In 15 years, the banks’ share of holding outstanding central government bonds has risen from 53% to 40% today, as policy rightly seeks to reduce financial repression (i.e. – say to oblige banks to deploy the deposits they collect in government bonds). But no sizable alternative buyer has emerged to fill the space left vacant: despite improved insurance penetration and formalization leading to growth in pension inflows, their share of outstanding bonds has in fact declined. decreased over the past 15 years. The RBI sometimes buys bonds to inject money into the economy, but in recent times this space has been used to buy dollars in order to save the rupee from appreciation.
Since it may be inappropriate to change the share of funds that banks, insurance companies or pension funds must deploy in government bonds, the solution may lie in obtaining new types of buyers. Opening the RBI to direct purchases by retail investors is a step in that direction, although it may not make sense for a few years.
That leaves us with the use of foreign savings. The share of government bonds that foreign portfolio investors (REITs) can buy has been steadily increased, but without Indian bonds included in global bond indices, these flows might not be significant and would be volatile, as they are. have been over the last year. . To enable inclusion in bond indices, the RBI and the government have reserved special grade bonds that are fully accessible (FAR) by foreign investors.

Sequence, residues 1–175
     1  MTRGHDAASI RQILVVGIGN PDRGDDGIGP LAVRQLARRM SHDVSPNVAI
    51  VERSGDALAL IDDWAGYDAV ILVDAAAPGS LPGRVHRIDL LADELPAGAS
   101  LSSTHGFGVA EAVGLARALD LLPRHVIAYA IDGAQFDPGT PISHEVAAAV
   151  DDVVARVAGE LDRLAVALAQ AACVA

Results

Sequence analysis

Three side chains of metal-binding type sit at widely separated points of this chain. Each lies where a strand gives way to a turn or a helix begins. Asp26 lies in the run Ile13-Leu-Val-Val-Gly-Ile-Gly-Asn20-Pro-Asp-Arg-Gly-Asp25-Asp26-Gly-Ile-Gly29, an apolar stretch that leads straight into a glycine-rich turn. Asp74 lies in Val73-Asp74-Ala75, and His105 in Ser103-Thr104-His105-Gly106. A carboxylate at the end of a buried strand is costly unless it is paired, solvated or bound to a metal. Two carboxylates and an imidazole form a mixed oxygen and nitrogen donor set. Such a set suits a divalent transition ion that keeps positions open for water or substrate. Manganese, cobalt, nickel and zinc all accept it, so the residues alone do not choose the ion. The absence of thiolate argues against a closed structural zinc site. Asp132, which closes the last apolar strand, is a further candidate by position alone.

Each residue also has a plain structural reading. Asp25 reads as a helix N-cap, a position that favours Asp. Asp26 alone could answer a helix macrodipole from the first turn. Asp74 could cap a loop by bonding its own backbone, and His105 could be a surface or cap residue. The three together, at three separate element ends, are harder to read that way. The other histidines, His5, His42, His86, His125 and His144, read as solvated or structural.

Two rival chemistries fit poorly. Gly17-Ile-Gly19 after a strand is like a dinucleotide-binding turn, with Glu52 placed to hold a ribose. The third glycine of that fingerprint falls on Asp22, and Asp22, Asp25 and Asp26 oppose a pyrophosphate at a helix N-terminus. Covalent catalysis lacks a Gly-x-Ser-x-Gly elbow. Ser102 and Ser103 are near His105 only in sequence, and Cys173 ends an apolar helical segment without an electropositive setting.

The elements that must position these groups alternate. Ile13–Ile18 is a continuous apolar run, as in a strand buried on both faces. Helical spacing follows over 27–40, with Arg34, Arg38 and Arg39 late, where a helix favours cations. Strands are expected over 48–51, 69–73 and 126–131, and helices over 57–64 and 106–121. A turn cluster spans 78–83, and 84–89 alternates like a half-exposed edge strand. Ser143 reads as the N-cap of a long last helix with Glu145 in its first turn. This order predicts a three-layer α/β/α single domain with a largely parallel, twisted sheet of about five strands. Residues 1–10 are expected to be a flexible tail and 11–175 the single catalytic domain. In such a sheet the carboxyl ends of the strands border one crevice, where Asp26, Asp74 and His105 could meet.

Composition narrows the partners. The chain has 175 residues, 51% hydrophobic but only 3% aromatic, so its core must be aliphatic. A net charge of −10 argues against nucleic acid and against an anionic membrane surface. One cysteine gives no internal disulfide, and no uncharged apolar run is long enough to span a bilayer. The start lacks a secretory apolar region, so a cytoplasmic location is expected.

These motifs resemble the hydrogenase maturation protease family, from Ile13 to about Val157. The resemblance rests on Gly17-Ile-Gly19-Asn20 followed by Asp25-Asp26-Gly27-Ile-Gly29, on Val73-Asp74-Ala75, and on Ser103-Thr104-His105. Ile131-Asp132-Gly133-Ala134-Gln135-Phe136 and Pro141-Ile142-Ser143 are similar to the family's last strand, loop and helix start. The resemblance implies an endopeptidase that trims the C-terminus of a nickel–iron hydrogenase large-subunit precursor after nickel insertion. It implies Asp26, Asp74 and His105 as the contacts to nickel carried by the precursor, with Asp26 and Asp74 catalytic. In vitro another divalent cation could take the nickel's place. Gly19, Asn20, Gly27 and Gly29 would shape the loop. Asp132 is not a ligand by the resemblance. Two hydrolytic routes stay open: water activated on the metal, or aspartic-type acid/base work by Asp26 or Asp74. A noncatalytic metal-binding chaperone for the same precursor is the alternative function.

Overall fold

The FTSE has placed India on a watch list for “potential future inclusion” in the emerging market government bond index as “users of the global index … (showed). .. interest in Indian government securities issued via the (FAR) ”is a step forward, and hopefully triggers similar actions by other index providers. However, this process must be accelerated. This is not only for the government’s fiscal space, but also to ensure that the cost of borrowing in the economy is conducive to a post-pandemic recovery.
This column first appeared in the paper edition on April 6, 2021 under the title “Dysfunction in bond market”. The author is co-head of APAC strategy and Indian strategist for Credit Suisse